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    Who but a Woman? The Transnational Diffusionof Anti-Communism among Conservative Womenin Brazil, Chile and the United States during theCold War


    Journal of Latin American Studies / Volume 47 / Issue 01 / February 2015, pp 93 - 119DOI: 10.1017/S0022216X14001461, Published online: 14 January 2015

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    How to cite this article:MARGARET POWER (2015). Who but a Woman? The Transnational Diffusion ofAnti-Communism among Conservative Women in Brazil, Chile and the UnitedStates during the Cold War. Journal of Latin American Studies, 47, pp 93-119doi:10.1017/S0022216X14001461

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    Who but a Woman? The TransnationalDiffusion of Anti-Communism amongConservative Women in Brazil,Chile and the United Statesduring the Cold War


    Abstract. This article examines transnational connections among anti-communistwomen in Brazil, Chile and the United States from the s to the s. It exploresthe political beliefs and networks upon which these women drew and built in order topromote their role in the overthrow of Joo Goulart and Salvador Allende and toencourage other women across the Americas to join them in the fight against com-munism. This paper shows that these women reversed the flow of ideas, served asmodels for each other and for anti-communist women, and built gendered trans-national networks of female anti-communist activists.

    Keywords: Cold War, transnational, anti-communism, women, Brazil, Chile,United States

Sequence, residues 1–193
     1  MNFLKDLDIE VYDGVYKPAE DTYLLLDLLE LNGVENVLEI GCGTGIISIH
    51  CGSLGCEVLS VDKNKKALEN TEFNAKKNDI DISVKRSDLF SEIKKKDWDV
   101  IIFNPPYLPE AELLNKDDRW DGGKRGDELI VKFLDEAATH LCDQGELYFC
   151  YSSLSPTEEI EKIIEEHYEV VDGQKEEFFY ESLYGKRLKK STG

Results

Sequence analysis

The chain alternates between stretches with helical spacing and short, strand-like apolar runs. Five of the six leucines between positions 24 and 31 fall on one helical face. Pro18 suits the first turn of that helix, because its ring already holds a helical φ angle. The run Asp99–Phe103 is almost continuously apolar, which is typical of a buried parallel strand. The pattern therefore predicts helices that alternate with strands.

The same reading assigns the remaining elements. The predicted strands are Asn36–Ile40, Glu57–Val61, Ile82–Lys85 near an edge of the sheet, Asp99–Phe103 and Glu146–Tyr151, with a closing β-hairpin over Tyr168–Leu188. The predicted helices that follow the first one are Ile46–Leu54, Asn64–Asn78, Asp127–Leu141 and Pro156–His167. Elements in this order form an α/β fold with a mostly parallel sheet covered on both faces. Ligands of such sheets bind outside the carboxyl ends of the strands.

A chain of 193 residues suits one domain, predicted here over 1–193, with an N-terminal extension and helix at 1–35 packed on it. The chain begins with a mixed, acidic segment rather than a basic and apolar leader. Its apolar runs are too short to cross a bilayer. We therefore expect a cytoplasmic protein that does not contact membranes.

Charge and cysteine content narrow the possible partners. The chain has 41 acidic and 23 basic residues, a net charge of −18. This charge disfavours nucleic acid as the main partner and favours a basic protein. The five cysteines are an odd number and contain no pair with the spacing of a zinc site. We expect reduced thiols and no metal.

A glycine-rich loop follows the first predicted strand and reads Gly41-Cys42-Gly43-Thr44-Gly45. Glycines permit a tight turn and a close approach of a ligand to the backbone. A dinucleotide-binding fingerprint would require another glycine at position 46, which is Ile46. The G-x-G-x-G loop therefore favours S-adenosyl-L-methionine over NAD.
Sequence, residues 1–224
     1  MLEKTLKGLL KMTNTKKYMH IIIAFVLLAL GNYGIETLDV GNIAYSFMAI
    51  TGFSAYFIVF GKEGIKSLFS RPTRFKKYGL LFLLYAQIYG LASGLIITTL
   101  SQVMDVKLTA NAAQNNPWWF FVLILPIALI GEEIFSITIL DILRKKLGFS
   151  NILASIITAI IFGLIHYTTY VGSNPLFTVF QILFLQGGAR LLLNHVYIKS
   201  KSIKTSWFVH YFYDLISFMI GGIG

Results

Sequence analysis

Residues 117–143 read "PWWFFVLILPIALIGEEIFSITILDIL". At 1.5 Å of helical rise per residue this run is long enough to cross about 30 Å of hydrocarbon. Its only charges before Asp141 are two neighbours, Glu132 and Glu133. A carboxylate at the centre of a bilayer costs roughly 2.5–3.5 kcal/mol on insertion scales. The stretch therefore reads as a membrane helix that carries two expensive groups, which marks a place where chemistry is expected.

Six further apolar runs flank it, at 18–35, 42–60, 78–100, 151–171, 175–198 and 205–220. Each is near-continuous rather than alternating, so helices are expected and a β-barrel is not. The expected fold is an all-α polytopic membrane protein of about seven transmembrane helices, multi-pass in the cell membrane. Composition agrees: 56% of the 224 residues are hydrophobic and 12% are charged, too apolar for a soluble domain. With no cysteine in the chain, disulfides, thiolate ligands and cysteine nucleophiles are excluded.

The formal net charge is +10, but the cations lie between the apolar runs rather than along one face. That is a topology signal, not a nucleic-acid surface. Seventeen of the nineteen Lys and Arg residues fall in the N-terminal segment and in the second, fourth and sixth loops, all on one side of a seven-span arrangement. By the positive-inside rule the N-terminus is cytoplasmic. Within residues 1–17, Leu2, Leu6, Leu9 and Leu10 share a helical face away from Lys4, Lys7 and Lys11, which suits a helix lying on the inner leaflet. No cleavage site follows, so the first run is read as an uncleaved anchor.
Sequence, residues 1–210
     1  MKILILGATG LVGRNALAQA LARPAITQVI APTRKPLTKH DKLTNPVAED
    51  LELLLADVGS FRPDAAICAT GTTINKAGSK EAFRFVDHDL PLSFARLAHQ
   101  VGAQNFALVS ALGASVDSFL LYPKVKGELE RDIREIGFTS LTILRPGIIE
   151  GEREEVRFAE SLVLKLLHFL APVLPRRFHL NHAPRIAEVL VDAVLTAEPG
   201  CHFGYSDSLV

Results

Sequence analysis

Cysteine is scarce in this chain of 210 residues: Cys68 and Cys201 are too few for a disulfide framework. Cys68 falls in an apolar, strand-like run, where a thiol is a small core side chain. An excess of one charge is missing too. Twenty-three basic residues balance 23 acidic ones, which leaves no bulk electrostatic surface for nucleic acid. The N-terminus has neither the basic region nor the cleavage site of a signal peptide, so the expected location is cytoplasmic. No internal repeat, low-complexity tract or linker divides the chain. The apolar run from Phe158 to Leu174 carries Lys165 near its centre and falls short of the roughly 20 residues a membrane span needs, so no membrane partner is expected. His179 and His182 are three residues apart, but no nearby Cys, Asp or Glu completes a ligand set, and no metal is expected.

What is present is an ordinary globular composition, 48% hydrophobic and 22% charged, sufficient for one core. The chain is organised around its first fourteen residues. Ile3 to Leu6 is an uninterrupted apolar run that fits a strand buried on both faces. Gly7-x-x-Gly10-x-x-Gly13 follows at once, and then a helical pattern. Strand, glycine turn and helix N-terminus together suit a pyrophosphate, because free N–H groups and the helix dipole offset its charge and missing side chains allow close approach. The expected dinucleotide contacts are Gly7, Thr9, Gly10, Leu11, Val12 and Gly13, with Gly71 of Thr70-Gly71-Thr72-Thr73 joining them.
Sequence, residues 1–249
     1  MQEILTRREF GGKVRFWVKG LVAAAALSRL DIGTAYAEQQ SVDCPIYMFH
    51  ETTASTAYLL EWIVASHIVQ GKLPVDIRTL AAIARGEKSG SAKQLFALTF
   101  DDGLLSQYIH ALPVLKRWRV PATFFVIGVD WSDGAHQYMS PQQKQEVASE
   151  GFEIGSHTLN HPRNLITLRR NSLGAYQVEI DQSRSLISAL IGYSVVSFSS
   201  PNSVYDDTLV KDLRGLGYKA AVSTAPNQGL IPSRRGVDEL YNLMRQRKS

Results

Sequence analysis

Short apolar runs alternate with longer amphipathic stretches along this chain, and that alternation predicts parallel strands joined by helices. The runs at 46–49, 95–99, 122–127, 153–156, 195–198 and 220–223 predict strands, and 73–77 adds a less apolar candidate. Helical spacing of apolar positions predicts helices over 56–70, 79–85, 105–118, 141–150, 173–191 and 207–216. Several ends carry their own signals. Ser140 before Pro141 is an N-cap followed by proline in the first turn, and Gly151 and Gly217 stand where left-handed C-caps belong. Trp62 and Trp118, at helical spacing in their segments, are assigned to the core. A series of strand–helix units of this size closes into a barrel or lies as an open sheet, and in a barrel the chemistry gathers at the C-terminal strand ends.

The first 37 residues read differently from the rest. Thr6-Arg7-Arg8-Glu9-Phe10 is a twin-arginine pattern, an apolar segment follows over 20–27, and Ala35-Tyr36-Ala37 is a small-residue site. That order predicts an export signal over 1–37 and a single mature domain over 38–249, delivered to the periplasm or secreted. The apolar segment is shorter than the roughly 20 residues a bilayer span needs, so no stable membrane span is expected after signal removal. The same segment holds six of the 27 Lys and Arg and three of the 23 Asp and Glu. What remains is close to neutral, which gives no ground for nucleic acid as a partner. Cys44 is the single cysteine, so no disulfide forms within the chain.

On the eve of the pivotal presidential election in Chile, three radiostations broadcast a virulently anti-communist message from Juana Castro, therenegade sister of Fidel Castro. In it, she exhorted Chileans to vote againstAllende. She warned the women of Chile, The enemy [communism] isstalking, [it] is at your doors. Dont let yourselves be deceived! Remember

    * I gratefully thank Ben Cowan for his invaluable help on this article. I also thank SandraMcGee Deutsch, Prola Sestini, Vanessa Tessado, Mary Kay Vaughan and Barbara Weinsteinfor their contributions at different points. Shawn Moura did an outstanding research job, forwhich I am most grateful, as I am to Karin Rosemblatt for suggesting him. The fouranonymous reviewers offered me both encouragement and, very importantly, suggestions onhow to improve this article. I owe them all a great deal for their insights and generosity. The CIA encouraged her to defect from Cuba because she had great value as a propagandainstrument: Theodore Shackley, Spymaster: My Life in the CIA (Dulles, VA: PotomacBooks, ), pp. .

    Margaret Power is professor of history at the Illinois Institute of Technology. Email:

    J. Lat. Amer. Stud. , Cambridge University Press doi:./SX

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    your families. Remember your children. It is no coincidence that her tapedmessage came to Chile via Brazil. The April military coup that overthrewthe government of Joo Goulart not only ended democracy in Brazil, but alsoencouraged anti-communist forces throughout the continent and providedthem with a counter-revolutionary model and stronghold.